A method for taking 3D movies of live sperm could help fertility clinics select the most viable cells for in vitro fertilization (IVF).

Sperm motility is an important predictor of IVF success. The new technique captures the wiggly movement and behavior of sperm in a real-time videoand lets scientists sort the cells to identify defective sperm.

Using the new technique, "we can observe how the sperm move and determine if that movement is affected by any abnormalities in their shape and structure," Giuseppe Di Caprio of the Institute for Microelectronics and Microsystems of the National Research Council in Italy and Harvard University in Cambridge, Mass., said in a statement. Di Caprio led the team that developed the new technique, detailed Tuesday (Feb. 11) in the journal Biomedical Optics Express. [See 3D Movie of Living Sperm]

Doctors most commonly measure sperm concentration and mobility by visual inspection or by a process called computer-assisted sperm analysis (CASA). Although CASA is less subjective than visual inspection, it can track sperm only in 2D.

To develop the new 3D sperm-tracking method, Di Caprio and his team split laser light into two beams, aiming one beam at a dish of live sperm and magnifying it in a microscope. They combined that beam with the second beam, producing an interference pattern. A camera recorded the pattern, creating a hologram.

"Viewing a progressive series of these holograms in a real-time video, we can observe how the sperm move and determine if that movement is affected by any abnormalities in their shape and structure," Di Caprio said.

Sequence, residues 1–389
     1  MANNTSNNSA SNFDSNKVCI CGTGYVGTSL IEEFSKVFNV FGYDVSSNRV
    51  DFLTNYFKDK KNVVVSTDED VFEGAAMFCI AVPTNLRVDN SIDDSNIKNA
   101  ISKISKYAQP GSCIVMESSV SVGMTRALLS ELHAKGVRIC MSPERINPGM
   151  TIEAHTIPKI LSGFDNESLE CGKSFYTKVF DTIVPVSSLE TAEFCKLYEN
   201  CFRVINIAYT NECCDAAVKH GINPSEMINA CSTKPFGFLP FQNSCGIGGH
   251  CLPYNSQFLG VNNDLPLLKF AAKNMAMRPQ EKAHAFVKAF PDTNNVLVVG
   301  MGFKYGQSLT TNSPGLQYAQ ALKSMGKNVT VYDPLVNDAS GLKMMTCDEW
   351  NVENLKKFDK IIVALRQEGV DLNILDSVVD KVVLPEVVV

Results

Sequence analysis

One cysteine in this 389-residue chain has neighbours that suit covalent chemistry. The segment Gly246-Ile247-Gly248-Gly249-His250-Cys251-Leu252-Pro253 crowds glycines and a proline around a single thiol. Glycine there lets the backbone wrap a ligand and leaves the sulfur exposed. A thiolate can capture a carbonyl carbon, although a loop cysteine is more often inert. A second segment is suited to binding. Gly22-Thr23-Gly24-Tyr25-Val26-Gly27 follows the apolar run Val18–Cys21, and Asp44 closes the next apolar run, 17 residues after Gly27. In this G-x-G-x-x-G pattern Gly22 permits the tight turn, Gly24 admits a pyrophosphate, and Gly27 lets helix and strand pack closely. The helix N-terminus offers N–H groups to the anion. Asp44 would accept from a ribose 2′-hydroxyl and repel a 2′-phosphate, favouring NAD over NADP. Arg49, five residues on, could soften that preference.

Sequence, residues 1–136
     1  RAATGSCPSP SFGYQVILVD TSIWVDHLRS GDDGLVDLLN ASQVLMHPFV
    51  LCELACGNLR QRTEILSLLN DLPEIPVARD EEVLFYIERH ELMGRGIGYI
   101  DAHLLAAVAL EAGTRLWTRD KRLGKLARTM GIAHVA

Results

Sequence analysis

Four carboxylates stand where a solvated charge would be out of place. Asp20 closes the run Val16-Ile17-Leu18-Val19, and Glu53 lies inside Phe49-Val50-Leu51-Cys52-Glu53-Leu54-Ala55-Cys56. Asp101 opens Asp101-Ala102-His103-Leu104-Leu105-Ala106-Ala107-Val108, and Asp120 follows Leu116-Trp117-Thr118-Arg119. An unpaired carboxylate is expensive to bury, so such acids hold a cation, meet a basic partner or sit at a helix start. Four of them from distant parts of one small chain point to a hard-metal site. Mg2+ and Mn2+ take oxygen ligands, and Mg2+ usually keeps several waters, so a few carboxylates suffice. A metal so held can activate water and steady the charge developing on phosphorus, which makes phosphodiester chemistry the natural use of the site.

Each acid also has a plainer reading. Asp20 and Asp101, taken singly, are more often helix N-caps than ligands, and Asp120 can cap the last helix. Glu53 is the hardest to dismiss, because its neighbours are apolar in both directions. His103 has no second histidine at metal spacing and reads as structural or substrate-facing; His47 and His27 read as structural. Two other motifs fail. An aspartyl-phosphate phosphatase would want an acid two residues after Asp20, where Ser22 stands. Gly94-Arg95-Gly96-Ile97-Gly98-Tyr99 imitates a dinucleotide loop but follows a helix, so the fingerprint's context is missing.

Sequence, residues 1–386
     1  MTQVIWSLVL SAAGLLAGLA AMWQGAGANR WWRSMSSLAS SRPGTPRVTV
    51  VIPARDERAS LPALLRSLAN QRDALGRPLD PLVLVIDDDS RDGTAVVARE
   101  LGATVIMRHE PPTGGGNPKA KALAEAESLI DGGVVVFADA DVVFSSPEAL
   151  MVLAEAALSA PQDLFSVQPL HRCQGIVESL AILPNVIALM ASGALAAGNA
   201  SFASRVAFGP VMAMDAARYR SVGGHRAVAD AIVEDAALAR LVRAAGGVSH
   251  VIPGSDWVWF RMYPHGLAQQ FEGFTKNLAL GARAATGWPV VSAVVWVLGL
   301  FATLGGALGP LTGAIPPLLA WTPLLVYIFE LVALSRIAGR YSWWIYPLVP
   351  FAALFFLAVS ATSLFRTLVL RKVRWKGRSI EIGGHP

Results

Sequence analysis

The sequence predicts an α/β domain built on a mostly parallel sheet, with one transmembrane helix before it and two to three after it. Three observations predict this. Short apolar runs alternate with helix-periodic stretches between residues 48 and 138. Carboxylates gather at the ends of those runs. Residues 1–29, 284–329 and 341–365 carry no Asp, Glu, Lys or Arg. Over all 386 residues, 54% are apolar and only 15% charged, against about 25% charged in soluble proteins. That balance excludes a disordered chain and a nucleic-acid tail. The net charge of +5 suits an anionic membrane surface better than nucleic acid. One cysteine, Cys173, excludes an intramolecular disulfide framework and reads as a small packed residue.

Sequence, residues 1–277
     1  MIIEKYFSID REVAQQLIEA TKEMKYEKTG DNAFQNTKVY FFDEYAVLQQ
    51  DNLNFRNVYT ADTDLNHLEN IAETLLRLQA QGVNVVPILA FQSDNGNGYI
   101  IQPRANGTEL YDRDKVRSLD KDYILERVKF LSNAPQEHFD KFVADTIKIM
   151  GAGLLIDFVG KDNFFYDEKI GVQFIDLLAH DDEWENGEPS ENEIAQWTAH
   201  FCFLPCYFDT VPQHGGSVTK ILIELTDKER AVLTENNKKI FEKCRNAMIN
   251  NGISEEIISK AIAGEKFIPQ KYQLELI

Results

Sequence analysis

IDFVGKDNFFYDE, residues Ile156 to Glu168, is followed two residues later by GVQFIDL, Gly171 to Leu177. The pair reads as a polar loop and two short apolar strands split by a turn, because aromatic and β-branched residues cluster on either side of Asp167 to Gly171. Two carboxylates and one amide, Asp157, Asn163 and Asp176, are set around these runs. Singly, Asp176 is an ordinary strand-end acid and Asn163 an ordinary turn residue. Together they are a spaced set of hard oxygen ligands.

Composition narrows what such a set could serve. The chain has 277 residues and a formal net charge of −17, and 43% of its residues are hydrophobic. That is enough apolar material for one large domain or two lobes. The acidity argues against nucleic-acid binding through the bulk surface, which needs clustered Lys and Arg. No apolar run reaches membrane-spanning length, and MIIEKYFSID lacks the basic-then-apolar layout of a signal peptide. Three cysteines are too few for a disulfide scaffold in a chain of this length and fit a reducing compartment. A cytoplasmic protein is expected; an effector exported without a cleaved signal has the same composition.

The new imaging method, known as digital holographic microscopy (DHM), provides a glimpse of the sperm's physiology and movement, allowing researchers to detect abnormalities that could interfere with fertilization, such as a bent tail that hinders the sperm's swimming.

The sperm structure and motility resembled that seen in previous studies, but the new technique goes further, allowing scientists to determine how a sperm's structure affects its motility. For example, most healthy sperm swim in a geometric plane, but the new 3D method showed that sperm with bent tails don't swim in a plane.

The next step is using the tracking technique to choose the best-quality sperm for IVF. The researchers want to study sperm cells that have compartments filled with water and other molecules known as vacuoles on their surfaces, to determine if these cells are less fertile.

In the long run, Di Caprio and others hope to develop a microchip-scale sperm method for sorting sperm by viability.

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